See a Farm Convert Pig Poop to Electricity
From the air, the place where bacon comes from is a quilt of fields and woods crossed by roads and winding creeks.
On an overcast day in September, I was buzzing over eastern North Carolina's flat coastal plain in a single-prop Piper Arrow with retired riverkeeper Rick Dove and pilot Bob Epting. From an altitude of 1,200 feet (366 meters), we gazed down at the land of hogs: fields in every direction dotted with long, metal-roofed barns housing thousands of animals—and, shimmering in the faint sunlight, the pink ponds that held their waste.
The animals were destined to become honey-cured ham, bologna, smoked sausage, pulled pork, pork chops, bacon bits, and more. The meat would be shipped all over the world.
But before the hogs left the state, they would poop, a lot.
That waste is a lingering, stinky problem for North Carolina and other hog-heavy states like Iowa, Minnesota, Illinois, and Indiana. Those states are the leading suppliers of meat to a nation—and increasingly, a world—with an abiding love of cheap pork. But residents must contend with waste from millions of hogs, which fouls the air near large operations and can contaminate local water supplies with germs and excess nutrients.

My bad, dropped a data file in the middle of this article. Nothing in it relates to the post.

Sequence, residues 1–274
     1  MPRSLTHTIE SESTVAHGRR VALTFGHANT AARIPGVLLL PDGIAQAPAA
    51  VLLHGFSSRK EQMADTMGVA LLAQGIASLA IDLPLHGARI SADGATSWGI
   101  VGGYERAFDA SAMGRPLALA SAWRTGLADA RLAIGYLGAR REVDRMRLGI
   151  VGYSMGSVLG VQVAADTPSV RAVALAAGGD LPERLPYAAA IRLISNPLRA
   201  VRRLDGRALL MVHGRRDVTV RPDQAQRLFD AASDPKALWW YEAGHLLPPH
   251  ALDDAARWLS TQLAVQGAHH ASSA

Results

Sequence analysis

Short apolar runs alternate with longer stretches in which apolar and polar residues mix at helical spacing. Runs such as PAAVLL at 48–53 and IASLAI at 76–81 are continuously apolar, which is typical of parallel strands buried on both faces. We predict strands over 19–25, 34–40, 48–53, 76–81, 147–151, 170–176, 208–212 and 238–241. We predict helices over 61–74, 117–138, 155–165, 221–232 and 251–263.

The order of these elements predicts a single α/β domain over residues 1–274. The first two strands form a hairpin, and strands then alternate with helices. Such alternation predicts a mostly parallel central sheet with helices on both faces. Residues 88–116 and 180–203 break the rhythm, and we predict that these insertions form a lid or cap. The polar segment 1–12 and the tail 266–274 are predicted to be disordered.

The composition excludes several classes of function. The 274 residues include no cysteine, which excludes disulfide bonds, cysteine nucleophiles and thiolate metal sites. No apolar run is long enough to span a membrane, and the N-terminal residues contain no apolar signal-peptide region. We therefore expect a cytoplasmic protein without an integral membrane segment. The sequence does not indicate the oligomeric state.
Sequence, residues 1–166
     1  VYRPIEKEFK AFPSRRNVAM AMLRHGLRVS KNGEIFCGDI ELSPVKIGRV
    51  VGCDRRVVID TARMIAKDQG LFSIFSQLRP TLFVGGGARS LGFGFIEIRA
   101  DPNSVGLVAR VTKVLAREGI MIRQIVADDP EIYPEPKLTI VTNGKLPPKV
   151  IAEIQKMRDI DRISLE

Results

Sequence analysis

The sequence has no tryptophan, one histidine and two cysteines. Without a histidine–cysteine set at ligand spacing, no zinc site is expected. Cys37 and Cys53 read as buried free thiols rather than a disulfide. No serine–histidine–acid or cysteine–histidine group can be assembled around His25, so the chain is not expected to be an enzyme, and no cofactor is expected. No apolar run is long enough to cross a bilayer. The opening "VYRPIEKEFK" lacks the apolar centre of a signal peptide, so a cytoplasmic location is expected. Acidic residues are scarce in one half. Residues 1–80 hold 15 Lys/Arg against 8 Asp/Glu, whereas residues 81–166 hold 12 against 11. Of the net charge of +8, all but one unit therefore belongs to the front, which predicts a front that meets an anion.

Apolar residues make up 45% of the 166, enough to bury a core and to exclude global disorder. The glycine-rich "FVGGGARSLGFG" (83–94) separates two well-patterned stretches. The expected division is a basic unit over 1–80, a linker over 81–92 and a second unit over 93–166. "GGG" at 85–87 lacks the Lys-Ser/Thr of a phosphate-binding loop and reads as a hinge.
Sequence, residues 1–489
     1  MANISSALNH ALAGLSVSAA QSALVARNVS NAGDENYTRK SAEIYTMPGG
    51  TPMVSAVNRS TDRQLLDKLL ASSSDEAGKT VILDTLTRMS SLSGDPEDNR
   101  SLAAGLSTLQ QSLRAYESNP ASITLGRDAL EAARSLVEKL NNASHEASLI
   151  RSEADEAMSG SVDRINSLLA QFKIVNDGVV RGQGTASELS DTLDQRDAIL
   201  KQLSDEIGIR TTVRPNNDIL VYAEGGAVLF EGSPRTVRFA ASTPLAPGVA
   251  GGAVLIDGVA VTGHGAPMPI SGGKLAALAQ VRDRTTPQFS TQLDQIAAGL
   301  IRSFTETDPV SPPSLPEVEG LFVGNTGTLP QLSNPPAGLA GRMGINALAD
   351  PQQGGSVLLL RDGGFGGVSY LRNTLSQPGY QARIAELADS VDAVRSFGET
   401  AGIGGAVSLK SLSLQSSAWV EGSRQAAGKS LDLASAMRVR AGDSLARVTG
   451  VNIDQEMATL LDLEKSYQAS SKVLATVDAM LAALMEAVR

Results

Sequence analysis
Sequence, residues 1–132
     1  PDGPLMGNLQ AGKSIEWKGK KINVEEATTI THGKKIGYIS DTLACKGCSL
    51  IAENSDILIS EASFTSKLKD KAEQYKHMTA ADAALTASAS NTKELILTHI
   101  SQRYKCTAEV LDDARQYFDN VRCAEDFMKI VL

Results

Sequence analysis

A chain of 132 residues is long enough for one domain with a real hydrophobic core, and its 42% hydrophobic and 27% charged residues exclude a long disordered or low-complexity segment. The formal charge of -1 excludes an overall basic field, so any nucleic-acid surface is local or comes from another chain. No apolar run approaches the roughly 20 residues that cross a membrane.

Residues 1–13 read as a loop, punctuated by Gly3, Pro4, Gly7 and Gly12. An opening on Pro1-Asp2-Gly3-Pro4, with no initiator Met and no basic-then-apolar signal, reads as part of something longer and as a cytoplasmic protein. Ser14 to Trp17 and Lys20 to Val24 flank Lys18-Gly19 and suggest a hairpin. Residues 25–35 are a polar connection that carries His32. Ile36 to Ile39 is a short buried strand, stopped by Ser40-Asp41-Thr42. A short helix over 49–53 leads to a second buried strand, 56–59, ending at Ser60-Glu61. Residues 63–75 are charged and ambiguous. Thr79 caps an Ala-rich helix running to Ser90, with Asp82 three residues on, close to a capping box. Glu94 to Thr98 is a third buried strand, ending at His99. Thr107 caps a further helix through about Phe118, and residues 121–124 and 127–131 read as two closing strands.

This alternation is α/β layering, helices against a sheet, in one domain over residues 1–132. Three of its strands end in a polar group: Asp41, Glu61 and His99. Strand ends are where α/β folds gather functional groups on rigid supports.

The dilemma is particularly acute for the barbecue-obsessed Tar Heel state, where swine sales totaled $2.9 billion in 2012. North Carolina gained national attention in 1999 when drenching rains from Hurricane Floyd caused waste ponds to rupture and flood, contaminating local water supplies. (Read "Carnivore's Dilemma" in National Geographic Magazine.)
Fifteen years after the disaster, the state remains the home of 8.9 million hogs—nearly as many as its human population of 9.8 million—making it the second largest pork producer in the nation. And despite a $17.1 million research project on waste options, it seems no one, in this state or elsewhere, quite knows what to do with all that poop.
Until recently, people who raised hogs kept small numbers of animals that roamed in outdoor pens or fields, where their droppings fertilized crops.
In North Carolina, that started changing with industry consolidation in the 1980s. The number of small, diversified farms fell precipitously. Most of the farms that survived did so by going big—raising thousands of animals that spend their entire lives inside barns. Today, Duplin County, North Carolina, the top swine producer in the country, is home to 530 hog operations with a collective capacity of 2.35 million animals. According to a 2008 GAO estimate, hogs in five eastern North Carolina counties produced 15.5 million tons of manure in one year.